Outdoor Industry  March 4, 2020

Batter up: Spring training draws out the super fan

Every February, when the snow spoils hopes of an early spring and the cold wind penetrates their Colorado bones, Janet and Rudy Todd leave their La Salle home and travel to Arizona’s Talking Stick Resort, where everyone knows their name.

When they sit in the shaded seats they chose as their season tickets the first time the Colorado Rockies came to Salt River Fields, they’re greeted by other longtime fans, the ushers, players’ wives, a senior pro golfer (not Tiger Woods), the guy who sings the national anthem and, of course, the workers.

“We don’t drink beer,” Janet said, “but all the beer vendors know us.” Vendors will also slip them a free bag of peanuts.

In fairness, they are hard to miss, and that’s not just because they’ve attended practically every minor league game of the Rockies since they came to Colorado. One of their granddaughters made them unique Colorado Rockies T-shirts that have  “Been Together” on one shirt, where the jersey name goes on the back, and “Since 1978” on the other to mark their 42 years of marriage. When times are tough, Janet pulls out her own special rally caps, which are straw with a purple ribbon wrapped around the center. Janet’s voice, um, carries, as her grandchildren will attest: They always know when she’s at their baseball games (“THROW STRIKES!”), even if they leave as soon as the game is over.

“I’m boisterous,” Janet said and laughed.

They were both baseball fans before they got together. Janet’s dad carried a mitt in his trunk just in case anyone needed a player, and so she would watch him play across the small towns of eastern Colorado. Rudy played himself, all through high school. When they did get together, they traveled to ballparks across the country, including Wrigley Field (they were at a game there when they found out Colorado got a  baseball franchise). The Cubs were probably their favorite team before the Rockies, thanks to being on WGN every day.

This is the second marriage for both, and even though they do distinguish, a bit, whose children belong to whom, their grandkids are just “grandkids,” not his or hers. Family is family by now. And so the tradition started when they traveled out to Tucson to spend time with Rudy’s son (“our son”) at the Rockies’ first spring training. They went to a game and fell in love with the closeness of it. They still talk about Tucson in the romantic way an old-timer might talk about downtown back home. The Rockies moved to the brand new Salt River Fields in 2011.

Rudy and Janet Todd show off their special jerseys made by a granddaughter. Dan England/for BizWest

“We spent time in the office and visited with the group there,” Janet said. “The players would come out and we would get pictures with them. We would sit with Todd Helton’s wife and Matt Holliday’s wife. But now is fun too. It’s just a social party.”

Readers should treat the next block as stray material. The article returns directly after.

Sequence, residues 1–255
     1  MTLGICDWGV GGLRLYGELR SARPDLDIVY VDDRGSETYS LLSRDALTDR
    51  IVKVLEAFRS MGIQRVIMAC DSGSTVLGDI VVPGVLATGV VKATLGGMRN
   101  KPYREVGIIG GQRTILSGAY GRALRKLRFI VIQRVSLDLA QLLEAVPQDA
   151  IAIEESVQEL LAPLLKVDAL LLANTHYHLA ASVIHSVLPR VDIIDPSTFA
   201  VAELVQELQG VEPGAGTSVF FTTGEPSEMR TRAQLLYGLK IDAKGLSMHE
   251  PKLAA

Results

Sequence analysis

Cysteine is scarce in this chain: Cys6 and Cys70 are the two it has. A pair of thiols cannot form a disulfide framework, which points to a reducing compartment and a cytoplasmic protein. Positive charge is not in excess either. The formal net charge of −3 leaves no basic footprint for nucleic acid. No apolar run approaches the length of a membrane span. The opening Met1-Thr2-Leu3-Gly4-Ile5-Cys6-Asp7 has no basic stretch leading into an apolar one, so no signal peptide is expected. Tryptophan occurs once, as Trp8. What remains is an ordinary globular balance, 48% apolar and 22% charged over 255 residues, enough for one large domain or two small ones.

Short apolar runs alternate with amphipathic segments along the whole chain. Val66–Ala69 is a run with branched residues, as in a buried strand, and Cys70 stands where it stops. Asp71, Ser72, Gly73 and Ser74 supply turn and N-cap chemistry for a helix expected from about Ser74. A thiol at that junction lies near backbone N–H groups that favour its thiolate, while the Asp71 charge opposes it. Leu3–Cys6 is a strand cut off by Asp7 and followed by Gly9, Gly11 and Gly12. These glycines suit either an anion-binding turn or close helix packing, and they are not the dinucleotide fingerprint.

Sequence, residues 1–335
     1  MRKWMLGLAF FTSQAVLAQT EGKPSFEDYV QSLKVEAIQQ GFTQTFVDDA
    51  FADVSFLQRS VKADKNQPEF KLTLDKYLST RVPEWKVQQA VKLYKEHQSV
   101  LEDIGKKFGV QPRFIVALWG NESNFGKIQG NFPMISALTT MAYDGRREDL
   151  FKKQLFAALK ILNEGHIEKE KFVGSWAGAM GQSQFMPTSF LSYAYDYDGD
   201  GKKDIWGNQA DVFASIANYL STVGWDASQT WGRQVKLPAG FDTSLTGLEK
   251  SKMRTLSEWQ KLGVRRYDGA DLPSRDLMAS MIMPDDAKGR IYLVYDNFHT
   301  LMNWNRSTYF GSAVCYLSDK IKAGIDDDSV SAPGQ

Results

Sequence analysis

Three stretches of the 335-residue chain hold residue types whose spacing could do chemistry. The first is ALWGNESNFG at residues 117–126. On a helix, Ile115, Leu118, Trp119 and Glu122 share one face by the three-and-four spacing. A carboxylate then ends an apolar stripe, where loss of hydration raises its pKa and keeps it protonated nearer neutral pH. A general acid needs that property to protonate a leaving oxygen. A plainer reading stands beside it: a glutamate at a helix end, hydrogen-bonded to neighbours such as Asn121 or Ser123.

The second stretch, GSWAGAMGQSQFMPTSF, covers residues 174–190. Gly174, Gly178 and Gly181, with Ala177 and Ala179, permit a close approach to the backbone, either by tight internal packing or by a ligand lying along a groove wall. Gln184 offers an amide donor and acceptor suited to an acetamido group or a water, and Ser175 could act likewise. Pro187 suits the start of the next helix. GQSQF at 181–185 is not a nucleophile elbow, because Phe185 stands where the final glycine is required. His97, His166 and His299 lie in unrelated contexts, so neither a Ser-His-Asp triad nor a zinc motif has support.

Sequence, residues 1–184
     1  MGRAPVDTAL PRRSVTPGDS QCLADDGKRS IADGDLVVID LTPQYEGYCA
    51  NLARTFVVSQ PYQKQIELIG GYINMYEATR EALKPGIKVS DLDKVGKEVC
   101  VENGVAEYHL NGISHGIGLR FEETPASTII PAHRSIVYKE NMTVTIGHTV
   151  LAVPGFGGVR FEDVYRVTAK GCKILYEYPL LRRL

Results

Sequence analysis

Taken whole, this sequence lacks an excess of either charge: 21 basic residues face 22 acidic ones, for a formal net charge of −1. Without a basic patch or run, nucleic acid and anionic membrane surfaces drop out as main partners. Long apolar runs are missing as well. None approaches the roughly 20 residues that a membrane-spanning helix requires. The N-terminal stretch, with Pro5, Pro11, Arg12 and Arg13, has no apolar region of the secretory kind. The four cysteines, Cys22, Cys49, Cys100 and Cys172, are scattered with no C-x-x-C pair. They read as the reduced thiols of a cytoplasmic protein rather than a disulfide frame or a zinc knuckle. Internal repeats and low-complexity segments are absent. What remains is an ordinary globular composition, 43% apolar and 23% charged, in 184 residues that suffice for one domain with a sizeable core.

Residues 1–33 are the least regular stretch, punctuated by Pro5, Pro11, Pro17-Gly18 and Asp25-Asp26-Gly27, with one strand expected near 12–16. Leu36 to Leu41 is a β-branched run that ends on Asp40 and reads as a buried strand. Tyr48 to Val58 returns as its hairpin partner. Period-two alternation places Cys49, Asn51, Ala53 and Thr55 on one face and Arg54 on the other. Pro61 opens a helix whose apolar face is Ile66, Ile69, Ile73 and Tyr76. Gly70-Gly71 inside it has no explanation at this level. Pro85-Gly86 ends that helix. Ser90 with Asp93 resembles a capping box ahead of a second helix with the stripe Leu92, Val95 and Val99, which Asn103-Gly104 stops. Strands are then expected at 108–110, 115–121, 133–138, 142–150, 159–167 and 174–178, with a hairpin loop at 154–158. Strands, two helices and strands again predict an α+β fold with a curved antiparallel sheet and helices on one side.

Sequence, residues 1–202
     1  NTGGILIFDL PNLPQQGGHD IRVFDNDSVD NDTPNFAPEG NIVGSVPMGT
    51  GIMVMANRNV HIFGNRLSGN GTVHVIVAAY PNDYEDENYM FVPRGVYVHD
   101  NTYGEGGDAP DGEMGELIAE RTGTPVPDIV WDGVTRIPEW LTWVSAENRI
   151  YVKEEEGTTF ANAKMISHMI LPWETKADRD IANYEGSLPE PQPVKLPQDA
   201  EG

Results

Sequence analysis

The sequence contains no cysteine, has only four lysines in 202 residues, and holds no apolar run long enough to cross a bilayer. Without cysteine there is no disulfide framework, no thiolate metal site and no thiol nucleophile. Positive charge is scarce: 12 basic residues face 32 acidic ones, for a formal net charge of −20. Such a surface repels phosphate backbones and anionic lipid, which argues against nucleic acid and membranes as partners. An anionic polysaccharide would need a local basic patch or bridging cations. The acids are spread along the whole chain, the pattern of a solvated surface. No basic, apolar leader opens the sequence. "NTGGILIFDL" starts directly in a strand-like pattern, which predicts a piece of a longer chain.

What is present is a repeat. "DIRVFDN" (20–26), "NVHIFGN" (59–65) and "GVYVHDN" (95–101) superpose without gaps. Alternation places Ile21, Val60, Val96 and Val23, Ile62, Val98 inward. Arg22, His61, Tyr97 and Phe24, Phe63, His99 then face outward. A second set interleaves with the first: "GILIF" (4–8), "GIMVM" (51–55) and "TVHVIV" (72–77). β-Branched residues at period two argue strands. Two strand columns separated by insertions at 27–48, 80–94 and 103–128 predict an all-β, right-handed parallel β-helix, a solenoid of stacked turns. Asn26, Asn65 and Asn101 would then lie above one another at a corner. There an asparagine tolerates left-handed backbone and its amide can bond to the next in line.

Talking Stick is a bit more formal than those days in Tucson, but it’s still a fun, homey experience, said Dave Dunn, the general manager of Salt River Fields.

“The players are a little more relaxed,” Dunn said. “We have a small-town community feel here even though there’s lots for people to do here.”

The Rockies split time with the Diamondbacks, and the park is consistently rated as one of the best, if not the best, for spring training stadiums, Dunn said. In Salt River’s opening year, it drew more than 300,000, and in the second year, the park drew nearly 375,000.

“There are lots of different jerseys in the crowd,” he said. “People come here to watch their own team. They don’t want to go to their own stadium.”

The Scottsdale area responded with a slew of development around the baseball complex in the last decade, with places to ride bumper cars, play Top Golf or resort golf, stay at many luxury hotels and eat high-quality ballpark food in addition to many restaurants. Other fun stuff includes an indoor sky-diving center, the Talking Stick casino (with Arizona’s largest poker room) and a memorial garden that honors the U.S.S. Arizona.

“It’s like Disneyland,” Dunn said. “You don’t have to leave if you don’t want to. People love the game here, but sometimes the game is secondary. In the long run the game doesn’t count.”

The Diamondbacks do draw more, which is what you’d expect for the hometown team, but the Rockies do well too. Rockies fans, such as the Todds, tend to treat their trips like a vacation, Dunn said, and stay for a few days (or for a month in the retired Todds’ case). Many hotels partner with the ballpark to offer discounts.

The Todds will do what their grandchildren want to do, and that can include a water park, a museum or Top Golf. But they generally prefer to go to the games. They don’t see much baseball in the summer, as the Coors Fields crowds are too unwieldy, they say. They prefer the smaller feel to a game. In fact, in the summer, they usually go to their grandchildrens’ games, where Janet can tell them to throw strikes.

Every February, when the snow spoils hopes of an early spring and the cold wind penetrates their Colorado bones, Janet and Rudy Todd leave their La Salle home and travel to Arizona’s Talking Stick Resort, where everyone knows their name.

When they sit in the shaded seats they chose as their season tickets the first time the Colorado Rockies came to Salt River Fields, they’re greeted by other longtime fans, the ushers, players’ wives, a senior pro golfer (not Tiger Woods), the guy who sings the national anthem and, of course, the workers.

“We don’t…

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